2006年08月08日

Whirlwind Tour

It's 1:40 AM and I cannot sleep. I am typing to you from a huge internet bar with over 100 computers in Lhasa, Tibet (China, Xizang). The altitude here is 3700m (11,200 feet), enough to get altitude sickness -- dizziness, insomnia, and headaches. More intense symptoms are possible, especially if you fly in.

Only a month ago, China opened up the first railway from Golmud (in Western Qinghai province) to Lhasa. The project costed $3 billion, and had to deal with high altitudes up to 5000 m, permafrost, and frigid temperatures. It was projected to be completed in 2007, but with Chinese diligence, it was completed a year early. We took the chance and bought some scalped tickets and were on our way to Tibet. The scenery is exceptionally beautiful, as you zip along at 100+ km/h in an oxygenated car. This "gift" from China to Tibet is a mixed blessing, likely to bring further Han Chinese settlers from the east along with a freight route (for import of Chinese goods and export of Tibetan minerals, etc).

Our plans in Tibet include a visit to Namucuo (a large, clear lake with 7000m peaks in the background, just north of Lhasa), Shigatse, Nepali Border, Chamdo, and Mt. Everest. Like Mongolia, this place is not so developed and the only way to get around is by land cruiser on dirt road. Very expensive. We're going to try our best to bus it each way and minimize the amount of land cruising we'll have to do.

I've been here in China for nearly four months. The first three I spent doing some research at Tsinghua University in Beijing. I wanted to see what it was like to do research in China, and also to see the inner workings (and problems) of this upcoming R&D powerhouse. The third month I also taught English at this massive summer camp at Tsinghua, where 3,000 sophomore students take a seat to refurbish their English skills. Although they have studied English for ten years, their spoken skills are still quite poor: pronunciation, grammar, and simply confidence in speaking English all needed tuning. I also tutored three 9-year olds English. That was a special treat. We sang songs, played Simon Says, watched movies, and previewed their English book they were to use the following academic year. They learn fast; most notably their pronunciation, which was far better than the Tsinghua students!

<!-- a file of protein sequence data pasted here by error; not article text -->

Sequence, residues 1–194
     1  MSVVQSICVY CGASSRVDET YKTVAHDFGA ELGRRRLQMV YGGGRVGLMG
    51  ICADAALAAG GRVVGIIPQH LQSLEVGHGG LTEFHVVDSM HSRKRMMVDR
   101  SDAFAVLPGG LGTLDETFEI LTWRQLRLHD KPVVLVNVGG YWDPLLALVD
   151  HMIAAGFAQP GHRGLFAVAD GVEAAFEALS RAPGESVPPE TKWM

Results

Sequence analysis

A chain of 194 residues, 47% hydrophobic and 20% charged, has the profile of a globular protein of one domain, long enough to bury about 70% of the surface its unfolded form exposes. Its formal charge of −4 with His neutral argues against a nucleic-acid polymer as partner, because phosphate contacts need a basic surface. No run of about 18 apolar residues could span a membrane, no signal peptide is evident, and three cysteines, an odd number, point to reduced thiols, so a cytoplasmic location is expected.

In that time we were able to sneak away to Mongolia (mainly Ulaan Baatar), Kunming, Dali, Canton, Dongguan, and Macau. This was necessary since our visa only lasted 60 days, though we could enter and exit as many times as we wanted until late September. I'm going to refer you to Vicky's archives of pictures at shutterfly (once I find the link). Btw, she is an excellent photographer and storyteller, you won't be bored flipping through.

I return to the states on the 1st of September, and will be starting work at Acorn Product Development -- a small mechanical engineering design firm based in Fremont, CA with clients like Apple, HP, and the like, as well as one-time inventors. It's right up my alley, and reminds me a lot of the "random" design projects we did at MIT. Not only that, but they are also giving me the opportunity to work in their Chinese office, located in Dongguan, Guangdong. It is a "small" Chinese city of about 400,000 that sprouted from a small lychee farming community in a few years. As a result, all the ppl there are imported from all over China, and I don't need to learn how to speak Cantonese! It's nestled in between Guangzhou (Canton) and Shenzhen, and only an hour away from Hong Kong. I'll be moving there either later this year or early the next. You're welcome to visit :)

Finally, I didn't say this before but I left the Ph.D. program. Like many Christians would say to those who didn't like the church life that much: "It's not for everybody." Honestly, I was pretty bored with the projects available to me and saw very little impact being made. After a couple years I'd been losing my zeal for studying and just felt it was time to move on. I made out with an M.S. and am very happy with my experience, as well as the people I met. My best advice to anyone thinking about graduate school is: get an M.S. and get out. Only exception would be for Chinese or Indians who make it into a US school, get as high a degree as possible.

That's my quick whirlwind tour to fill in the past eight months of unwritten entries. See you in another eight months! lol jk hopefully soon :)

August 8, 2006 02:21 PM